• Led team of 4 siblings to take turns watching him until he was 100% independent.
Bad Example

Volunteer Position

  • Helped father recover from a stroke.


The first of those volunteer experience on resume samples is Oprah-style.

What Counts as Volunteer Work

  • Pro Bono Work is when you voluntarily work in a professional sense. It uses specific job skills, so it’s great volunteer experience on resumes.
  • Hospital volunteer resume work can show healthcare abilities. It also proves skills for resumes, like teamwork and compassion.
  • Church volunteer work on resumes can show leadership and organization.
  • Animal Shelter volunteer resume items like walking dogs shows compassion and work ethic.
  • Nursing Home volunteer duties on resumes can show teamwork, record keeping skills, and more.
  • Homeless Shelter volunteers are good collaborators and communicators. Both are excellent resume skills.
  • Library volunteer work on resumes proves strong organization skills.
  • Helping an ailing parent can be listed on a resume as volunteer work. (See the resume volunteer experience sample above.)
  • Student volunteers can be coaches, tutors, or blood drive helpers. All show skills working toward a common goal.
  • Blood Drive volunteer resume items prove common skills like teamwork and compassion. They can also show phlebotomy and documentation skills.
  • Child Care volunteering experiences on resumes look best for child care jobs. They also show transferable communication and collaboration skills.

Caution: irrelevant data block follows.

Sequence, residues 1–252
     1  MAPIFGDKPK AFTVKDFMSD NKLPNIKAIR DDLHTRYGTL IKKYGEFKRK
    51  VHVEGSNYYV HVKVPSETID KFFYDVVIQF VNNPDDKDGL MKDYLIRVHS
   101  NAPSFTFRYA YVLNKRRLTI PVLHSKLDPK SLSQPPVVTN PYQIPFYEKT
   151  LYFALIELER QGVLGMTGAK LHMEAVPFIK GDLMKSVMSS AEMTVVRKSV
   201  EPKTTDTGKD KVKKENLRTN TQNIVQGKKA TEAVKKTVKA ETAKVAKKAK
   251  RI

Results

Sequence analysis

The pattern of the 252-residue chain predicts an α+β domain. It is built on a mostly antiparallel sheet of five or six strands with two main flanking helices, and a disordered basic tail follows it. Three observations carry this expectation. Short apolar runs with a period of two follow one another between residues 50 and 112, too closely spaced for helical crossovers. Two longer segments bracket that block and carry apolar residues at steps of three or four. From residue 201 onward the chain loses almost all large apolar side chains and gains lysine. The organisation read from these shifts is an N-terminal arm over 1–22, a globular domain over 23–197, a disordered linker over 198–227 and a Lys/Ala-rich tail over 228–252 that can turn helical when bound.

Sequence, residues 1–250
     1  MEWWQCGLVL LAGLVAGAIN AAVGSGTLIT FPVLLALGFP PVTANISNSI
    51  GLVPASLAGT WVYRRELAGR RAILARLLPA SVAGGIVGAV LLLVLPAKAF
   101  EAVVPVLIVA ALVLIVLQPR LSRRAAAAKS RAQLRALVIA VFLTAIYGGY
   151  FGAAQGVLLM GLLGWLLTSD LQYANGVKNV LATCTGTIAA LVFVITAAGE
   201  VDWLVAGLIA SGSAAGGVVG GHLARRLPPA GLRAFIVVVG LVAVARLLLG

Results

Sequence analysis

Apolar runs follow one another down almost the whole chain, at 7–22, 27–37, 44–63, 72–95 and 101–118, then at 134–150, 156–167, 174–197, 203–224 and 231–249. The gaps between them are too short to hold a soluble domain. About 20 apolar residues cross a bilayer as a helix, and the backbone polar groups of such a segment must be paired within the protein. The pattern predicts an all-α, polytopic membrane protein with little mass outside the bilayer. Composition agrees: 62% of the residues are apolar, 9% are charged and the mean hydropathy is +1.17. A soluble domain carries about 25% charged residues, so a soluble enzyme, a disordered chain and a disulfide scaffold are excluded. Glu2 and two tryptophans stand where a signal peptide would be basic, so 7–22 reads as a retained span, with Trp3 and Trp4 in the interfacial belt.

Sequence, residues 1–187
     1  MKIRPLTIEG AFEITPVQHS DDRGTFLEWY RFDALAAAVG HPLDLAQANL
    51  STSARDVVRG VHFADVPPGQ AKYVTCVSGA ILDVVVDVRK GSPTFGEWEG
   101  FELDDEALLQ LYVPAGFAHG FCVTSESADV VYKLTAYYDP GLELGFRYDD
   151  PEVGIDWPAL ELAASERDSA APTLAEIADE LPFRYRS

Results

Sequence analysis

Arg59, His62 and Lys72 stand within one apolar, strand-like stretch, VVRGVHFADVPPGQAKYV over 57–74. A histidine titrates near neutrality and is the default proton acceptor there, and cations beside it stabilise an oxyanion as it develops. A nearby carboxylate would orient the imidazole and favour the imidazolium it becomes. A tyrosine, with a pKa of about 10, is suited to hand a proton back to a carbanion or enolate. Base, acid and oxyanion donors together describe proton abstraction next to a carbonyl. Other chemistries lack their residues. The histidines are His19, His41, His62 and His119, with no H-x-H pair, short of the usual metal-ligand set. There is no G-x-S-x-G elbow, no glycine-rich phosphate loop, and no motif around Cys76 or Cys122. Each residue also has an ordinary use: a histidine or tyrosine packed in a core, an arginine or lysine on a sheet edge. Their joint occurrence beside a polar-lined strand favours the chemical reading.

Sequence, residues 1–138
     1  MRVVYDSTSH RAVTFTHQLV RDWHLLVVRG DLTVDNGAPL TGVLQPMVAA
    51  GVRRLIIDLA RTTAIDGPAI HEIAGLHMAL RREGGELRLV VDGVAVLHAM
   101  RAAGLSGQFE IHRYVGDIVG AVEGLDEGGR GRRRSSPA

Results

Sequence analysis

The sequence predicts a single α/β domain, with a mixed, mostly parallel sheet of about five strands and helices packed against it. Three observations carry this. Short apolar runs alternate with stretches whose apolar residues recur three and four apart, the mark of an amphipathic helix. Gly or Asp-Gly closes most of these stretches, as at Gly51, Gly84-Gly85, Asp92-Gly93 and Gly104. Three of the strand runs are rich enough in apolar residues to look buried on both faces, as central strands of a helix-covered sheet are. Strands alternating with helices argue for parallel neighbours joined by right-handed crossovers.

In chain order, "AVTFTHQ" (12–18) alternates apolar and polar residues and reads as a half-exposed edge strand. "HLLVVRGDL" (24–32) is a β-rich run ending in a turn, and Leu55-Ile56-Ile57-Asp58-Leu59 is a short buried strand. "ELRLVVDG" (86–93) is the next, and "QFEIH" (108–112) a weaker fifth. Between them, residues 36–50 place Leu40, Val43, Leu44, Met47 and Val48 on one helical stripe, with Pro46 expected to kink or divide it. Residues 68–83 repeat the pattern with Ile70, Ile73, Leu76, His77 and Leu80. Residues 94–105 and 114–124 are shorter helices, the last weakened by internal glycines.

• Daycare volunteer experience resume bullets work best in daycare resumes. They also prove general skills like organization and problem-solving.
  • Food Pantry volunteer experience on resumes can prove interpersonal or organization skills.
  • Goodwill volunteer on resume proves retail experience and physical fitness.
  • Hospice volunteer work on resumes can show compassion and specific healthcare skills.
  • Parent volunteer resume positions include assisting teachers, coaches, and organizing fundraisers.
  • School volunteer work builds interpersonal and collaboration skills.
  • Basketball Coaches who voluntarily work have leadership and training skills.
  • Habitat for Humanity volunteer work on resumes shows collaboration and construction skills.

That’s not all the volunteer experience in the universe. Any help for free makes good volunteer work on resumes.

Should you put community service on resumes? That term has a negative slant. It’s often given as a punishment. Call it volunteer experiences on resumes instead.

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Key Points:

Here’s a recap of how to volunteer experience should be included on resumes:

  • Show volunteer resume items as work experience if they show multiple achievements. Also if they prove essential skills shown in the job ad.
  • Put volunteer work on resumes in a volunteer section if it’s minor but you’ve got a lot. That is—if it doesn’t prove multiple skills shown in the job ad.
  • Put resume volunteer experience in an activities section if it’s minor and there’s little of it.
  • When listing community service on resumes, call it a volunteer position instead. That dodges the dodgy criminal connotation.